Better toothpaste with added bacteria

Researchers have identified a new ally in the war against tooth decay: an enzyme produced by a mouth bacterium that prevents plaque formation. The finding could eventually lead to the development of toothpaste that harnesses the body’s own plaque-fighting tools.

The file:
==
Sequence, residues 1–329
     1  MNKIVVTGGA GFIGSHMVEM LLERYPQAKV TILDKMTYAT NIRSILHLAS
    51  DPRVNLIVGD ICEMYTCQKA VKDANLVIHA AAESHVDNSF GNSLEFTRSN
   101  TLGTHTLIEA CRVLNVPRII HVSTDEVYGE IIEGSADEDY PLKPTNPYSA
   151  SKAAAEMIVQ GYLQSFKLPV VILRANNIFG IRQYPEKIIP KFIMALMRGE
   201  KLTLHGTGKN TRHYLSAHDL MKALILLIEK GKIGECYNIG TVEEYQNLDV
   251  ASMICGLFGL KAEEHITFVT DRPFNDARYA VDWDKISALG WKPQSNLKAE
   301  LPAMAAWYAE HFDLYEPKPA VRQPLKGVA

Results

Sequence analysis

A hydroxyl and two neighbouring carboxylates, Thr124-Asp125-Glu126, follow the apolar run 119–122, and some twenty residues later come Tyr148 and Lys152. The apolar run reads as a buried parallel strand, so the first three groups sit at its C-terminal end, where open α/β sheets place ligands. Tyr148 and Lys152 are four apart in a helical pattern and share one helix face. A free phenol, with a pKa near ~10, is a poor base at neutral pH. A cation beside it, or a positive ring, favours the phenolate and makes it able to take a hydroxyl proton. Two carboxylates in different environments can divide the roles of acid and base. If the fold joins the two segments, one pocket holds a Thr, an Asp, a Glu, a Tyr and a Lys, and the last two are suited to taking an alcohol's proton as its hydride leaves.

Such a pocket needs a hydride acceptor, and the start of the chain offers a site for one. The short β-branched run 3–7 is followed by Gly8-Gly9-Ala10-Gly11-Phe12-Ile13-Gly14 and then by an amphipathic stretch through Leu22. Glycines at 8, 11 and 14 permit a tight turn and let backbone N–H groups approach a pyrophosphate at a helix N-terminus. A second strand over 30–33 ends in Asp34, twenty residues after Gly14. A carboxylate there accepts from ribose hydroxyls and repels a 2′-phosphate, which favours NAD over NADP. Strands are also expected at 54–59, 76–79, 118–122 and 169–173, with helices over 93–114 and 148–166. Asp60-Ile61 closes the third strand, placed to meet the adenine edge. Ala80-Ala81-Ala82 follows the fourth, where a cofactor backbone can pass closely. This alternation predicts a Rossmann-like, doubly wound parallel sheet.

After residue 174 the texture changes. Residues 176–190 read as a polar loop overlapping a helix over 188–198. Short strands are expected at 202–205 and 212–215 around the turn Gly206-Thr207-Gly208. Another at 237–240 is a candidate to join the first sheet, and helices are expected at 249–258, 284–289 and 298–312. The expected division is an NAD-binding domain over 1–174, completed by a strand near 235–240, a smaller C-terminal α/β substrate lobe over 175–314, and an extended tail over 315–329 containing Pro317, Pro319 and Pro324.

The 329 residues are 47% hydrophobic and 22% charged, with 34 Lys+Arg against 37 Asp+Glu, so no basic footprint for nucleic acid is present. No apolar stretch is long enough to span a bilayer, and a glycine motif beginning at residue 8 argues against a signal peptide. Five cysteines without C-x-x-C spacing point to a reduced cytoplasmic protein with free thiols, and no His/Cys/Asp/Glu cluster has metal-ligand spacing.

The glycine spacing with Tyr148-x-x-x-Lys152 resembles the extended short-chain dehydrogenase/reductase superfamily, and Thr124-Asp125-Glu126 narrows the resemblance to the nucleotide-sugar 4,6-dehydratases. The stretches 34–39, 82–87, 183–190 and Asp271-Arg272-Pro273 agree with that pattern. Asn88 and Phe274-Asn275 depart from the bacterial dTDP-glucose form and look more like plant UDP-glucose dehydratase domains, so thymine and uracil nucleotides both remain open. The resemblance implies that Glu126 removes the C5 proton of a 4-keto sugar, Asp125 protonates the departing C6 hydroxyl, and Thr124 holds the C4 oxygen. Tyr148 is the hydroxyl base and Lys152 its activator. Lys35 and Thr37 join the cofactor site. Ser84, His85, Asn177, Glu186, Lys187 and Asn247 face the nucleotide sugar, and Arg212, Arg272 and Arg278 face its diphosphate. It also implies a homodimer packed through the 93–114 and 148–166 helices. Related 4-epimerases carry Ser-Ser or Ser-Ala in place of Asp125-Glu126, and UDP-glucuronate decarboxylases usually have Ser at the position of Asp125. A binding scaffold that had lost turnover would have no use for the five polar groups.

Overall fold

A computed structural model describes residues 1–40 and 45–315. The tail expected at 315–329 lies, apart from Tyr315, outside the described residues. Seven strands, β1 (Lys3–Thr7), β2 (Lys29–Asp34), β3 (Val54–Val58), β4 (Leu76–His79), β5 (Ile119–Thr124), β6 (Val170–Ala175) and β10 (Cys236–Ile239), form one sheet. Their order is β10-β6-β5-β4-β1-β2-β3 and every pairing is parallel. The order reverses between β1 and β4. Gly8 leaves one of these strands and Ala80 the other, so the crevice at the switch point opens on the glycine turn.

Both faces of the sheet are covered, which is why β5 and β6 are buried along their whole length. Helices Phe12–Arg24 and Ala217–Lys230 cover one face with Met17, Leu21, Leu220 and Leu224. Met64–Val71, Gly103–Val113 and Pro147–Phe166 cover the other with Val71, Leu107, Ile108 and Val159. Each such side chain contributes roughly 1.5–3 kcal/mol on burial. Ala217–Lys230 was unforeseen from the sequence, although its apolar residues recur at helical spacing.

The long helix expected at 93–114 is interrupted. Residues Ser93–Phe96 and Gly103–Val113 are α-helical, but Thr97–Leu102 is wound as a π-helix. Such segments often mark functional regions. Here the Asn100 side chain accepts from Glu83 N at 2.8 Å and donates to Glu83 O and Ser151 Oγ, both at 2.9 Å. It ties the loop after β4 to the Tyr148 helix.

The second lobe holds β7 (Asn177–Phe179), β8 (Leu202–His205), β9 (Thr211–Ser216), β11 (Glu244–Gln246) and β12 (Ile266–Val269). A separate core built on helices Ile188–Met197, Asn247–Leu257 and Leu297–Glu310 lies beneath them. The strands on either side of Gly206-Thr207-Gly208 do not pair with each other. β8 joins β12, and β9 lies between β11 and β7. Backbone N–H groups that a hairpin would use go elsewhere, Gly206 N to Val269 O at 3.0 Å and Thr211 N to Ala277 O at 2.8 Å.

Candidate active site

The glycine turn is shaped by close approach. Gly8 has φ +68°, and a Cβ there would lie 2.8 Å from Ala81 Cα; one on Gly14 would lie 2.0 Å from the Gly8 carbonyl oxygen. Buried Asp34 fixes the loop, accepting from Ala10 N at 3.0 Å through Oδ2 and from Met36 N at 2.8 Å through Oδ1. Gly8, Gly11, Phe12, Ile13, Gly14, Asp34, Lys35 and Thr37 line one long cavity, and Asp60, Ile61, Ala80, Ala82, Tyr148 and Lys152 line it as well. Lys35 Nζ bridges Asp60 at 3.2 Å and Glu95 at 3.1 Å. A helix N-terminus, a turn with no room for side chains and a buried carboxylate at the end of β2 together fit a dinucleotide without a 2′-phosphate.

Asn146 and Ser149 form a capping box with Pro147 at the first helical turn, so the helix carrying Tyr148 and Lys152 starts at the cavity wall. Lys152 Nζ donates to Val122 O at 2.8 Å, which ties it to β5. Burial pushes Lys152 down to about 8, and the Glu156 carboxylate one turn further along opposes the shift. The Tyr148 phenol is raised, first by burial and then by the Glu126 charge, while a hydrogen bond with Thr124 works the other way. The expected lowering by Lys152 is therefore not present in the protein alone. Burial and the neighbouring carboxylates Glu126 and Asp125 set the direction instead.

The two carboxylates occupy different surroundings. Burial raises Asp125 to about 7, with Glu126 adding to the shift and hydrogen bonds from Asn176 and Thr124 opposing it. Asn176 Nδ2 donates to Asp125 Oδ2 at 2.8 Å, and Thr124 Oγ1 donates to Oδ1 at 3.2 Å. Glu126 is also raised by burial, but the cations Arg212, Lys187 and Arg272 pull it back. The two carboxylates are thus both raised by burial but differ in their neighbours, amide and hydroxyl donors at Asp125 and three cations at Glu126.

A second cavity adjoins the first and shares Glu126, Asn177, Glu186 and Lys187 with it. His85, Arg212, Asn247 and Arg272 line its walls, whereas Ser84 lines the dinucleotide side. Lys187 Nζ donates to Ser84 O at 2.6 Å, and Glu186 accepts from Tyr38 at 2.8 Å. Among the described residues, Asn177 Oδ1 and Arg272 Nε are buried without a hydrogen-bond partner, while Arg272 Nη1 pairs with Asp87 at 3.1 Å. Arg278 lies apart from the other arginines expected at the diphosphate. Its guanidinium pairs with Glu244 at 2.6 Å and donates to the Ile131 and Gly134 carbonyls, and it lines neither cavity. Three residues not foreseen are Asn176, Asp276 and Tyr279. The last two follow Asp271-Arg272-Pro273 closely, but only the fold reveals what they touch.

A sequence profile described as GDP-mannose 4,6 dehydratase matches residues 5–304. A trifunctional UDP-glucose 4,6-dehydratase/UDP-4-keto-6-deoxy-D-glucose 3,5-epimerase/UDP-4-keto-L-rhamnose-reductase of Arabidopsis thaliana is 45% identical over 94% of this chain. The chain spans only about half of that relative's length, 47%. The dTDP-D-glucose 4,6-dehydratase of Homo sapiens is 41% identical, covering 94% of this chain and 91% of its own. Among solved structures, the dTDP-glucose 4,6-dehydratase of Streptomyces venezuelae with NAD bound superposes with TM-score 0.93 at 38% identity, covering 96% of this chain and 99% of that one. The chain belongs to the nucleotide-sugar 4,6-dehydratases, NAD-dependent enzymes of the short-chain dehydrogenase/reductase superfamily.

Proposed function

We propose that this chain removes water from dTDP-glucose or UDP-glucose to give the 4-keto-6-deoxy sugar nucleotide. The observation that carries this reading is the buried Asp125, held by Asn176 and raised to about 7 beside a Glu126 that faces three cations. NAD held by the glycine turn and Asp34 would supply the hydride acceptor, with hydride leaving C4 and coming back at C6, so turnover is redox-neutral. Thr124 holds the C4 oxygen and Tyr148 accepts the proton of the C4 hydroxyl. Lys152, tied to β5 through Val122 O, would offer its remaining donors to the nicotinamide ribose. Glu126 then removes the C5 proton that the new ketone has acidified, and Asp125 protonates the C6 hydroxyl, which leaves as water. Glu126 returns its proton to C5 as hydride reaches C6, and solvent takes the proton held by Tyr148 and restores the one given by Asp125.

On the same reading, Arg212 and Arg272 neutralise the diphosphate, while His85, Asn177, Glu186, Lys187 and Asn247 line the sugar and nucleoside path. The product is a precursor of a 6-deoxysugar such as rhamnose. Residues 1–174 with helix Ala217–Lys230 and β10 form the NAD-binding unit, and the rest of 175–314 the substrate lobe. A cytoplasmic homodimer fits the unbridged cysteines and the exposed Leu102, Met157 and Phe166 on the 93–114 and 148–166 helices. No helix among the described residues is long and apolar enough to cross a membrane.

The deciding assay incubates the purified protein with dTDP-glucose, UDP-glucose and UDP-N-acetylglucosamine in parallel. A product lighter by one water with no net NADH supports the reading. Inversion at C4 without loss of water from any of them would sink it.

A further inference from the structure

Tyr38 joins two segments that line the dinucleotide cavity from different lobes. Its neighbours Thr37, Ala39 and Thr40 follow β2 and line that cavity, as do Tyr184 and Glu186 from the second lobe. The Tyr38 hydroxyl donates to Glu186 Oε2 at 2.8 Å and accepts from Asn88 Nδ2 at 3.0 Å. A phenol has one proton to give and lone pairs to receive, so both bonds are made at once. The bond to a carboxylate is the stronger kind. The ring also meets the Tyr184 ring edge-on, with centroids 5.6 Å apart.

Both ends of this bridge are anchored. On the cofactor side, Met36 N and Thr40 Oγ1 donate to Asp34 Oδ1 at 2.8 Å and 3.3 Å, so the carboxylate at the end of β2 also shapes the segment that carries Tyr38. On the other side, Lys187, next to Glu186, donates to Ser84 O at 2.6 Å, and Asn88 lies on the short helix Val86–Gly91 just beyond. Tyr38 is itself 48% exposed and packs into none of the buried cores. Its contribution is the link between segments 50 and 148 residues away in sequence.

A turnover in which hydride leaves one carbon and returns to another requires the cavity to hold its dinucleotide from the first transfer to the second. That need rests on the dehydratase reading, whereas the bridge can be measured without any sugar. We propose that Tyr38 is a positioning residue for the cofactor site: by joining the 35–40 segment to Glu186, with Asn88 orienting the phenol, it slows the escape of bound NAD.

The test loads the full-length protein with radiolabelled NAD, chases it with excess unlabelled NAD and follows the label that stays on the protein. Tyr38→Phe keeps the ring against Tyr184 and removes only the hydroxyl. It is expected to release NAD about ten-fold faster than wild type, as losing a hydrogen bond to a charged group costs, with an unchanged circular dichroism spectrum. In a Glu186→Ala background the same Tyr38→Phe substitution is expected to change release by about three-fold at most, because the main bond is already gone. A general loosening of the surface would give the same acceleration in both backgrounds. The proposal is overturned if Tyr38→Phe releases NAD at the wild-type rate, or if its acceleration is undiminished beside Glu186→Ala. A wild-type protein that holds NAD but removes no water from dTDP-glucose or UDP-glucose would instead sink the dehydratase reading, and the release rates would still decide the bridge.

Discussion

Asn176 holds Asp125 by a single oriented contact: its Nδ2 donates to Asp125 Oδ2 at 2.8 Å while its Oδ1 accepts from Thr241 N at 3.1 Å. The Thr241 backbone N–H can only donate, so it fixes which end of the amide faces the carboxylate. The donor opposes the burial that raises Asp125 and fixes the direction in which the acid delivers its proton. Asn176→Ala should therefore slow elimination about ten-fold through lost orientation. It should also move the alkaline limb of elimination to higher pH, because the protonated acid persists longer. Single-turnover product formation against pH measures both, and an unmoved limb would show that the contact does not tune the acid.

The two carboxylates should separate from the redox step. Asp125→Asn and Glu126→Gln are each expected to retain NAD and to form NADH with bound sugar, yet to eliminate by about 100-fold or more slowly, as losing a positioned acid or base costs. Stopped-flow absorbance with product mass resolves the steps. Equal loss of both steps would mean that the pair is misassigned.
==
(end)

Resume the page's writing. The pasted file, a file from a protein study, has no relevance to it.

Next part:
The human mouth is awash with bacteria. More than 700 species thrive in the hot, moist conditions, including Streptococcus mutans, one of the main components of plaque. Clinging to the teeth in thin layers called biofilms, S. mutans digests sugars and produces acids that can eat into enamel and cause cavities. Other bacteria are more gracious guests. In 2009, for example, scientists found that S. salivarius, a type of bacterium found on the tongue and other soft tissues in the mouth, decreases the buildup of S. mutans biofilms. This may now lead to the development of better toothpaste. Read more here.

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